“Malingering” is the legal term for faking a disability, or the extent of a disability, in order to obtain disability benefits that you are not entitled to. A determination of malingering can carry serious financial and even criminal consequences. Doctors look for malingering, and sometimes they inadvertently accuse innocent patients of this offense.
Telltale Signs of Malingering — What Doctors Look For
You risk triggering suspicions of malingering under the following circumstances:
- You speak to your doctor about possible disability benefits before your disability has been diagnosed.
- You ask for a particular medication (especially if it is a narcotic).
- You don’t try very hard on tests of your physical or mental capabilities. Do the best that you can, even if “passing” the test might mean losing benefits,.
- You always report “10 out of 10” on pain evaluations, unless your doctor considers this plausible given what he knows about your medical condition.
Who Makes the Determination of Malingering?
The determination of who is and is not malingering is essentially a subjective determination. And that is what is dangerous about it, at least with respect to the possibility of a false accusation. Any of the following people might make a determination of malingering:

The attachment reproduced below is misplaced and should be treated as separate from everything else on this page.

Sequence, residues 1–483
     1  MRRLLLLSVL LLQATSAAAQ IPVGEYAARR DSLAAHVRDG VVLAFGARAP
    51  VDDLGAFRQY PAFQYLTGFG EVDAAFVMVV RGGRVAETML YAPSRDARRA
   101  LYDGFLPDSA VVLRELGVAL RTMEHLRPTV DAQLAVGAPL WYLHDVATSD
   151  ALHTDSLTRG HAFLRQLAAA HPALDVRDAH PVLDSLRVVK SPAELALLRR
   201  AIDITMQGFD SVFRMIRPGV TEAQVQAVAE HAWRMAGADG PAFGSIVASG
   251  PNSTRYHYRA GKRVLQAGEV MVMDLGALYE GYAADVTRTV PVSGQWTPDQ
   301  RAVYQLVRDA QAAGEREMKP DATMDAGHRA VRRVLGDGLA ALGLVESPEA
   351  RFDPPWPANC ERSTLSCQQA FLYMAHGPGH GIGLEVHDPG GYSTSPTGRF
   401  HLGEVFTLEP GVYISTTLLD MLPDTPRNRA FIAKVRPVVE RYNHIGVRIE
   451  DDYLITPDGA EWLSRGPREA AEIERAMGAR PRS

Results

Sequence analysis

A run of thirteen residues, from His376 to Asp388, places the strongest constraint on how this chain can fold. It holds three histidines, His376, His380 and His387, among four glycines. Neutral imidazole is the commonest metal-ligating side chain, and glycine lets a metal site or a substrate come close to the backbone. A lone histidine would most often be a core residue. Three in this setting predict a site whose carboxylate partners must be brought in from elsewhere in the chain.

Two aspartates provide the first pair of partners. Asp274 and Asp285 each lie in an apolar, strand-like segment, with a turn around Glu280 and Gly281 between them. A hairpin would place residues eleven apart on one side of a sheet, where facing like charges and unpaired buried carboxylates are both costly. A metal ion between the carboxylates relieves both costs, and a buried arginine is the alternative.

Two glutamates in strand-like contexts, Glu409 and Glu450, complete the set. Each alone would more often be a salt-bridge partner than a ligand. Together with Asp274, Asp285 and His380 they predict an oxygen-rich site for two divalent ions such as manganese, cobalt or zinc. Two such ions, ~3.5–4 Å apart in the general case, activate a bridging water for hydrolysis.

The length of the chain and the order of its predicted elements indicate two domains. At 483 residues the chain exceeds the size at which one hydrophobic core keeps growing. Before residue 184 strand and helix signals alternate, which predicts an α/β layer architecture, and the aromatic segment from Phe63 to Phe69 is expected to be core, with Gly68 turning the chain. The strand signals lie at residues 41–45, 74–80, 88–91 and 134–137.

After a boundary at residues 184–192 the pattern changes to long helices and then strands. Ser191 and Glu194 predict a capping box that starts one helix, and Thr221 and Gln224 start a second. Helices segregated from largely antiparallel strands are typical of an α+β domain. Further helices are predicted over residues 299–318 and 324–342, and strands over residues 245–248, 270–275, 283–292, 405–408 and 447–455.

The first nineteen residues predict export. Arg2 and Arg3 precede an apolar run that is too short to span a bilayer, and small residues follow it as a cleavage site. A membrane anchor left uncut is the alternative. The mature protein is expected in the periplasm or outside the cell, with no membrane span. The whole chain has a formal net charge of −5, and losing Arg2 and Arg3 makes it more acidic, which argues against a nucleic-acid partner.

- Your doctor;
- The SSA’s doctor (one that the SSA sends to evaluate you);
- Other healthcare professionals who have treated or examined you;
- The SSA employee who reviews your application for benefits (perhaps not even a healthcare professional); or
- If you appeal the denial of your benefits, the administrative law judge (ALJ) who hears your appeal.
A determination of malingering is not completely arbitrary, of course — it is supposed to be based on objective medical evidence. Nevertheless, discretion applies at more than one level. Your doctor, for example, enjoys a certain degree of discretion when he issues his opinion — otherwise doctors’ opinions would never conflict with each other (and they often do). SSA officials who evaluate the opinion also enjoy a certain degree of discretion.
What Happens if a Determination of Malingering is Issued
Malingering is considered to be a form of fraud, and its consequences can be serious. Possible sanctions include:
- Denial of your application for benefits;
- A denial of future benefits (blacklisting);
- Being forced to repay disability benefits that you have already received;
- Civil and criminal fines; and
- Jail or prison time (years of incarceration in extreme cases).
The Clock is Ticking…
If you fear that you may be accused of malingering, or if such an accusation has already been made against you, now is no time for delay — you need the assistance of a skilled disability lawyer immediately. Raleigh disability lawyer John A. Hedrick has decades of experience handling workers’ compensation claims, and he is Board Certified in workers’ compensation law.
Telephone us today at 919-626-3895, email us at email@example.com or complete our online claim evaluation form..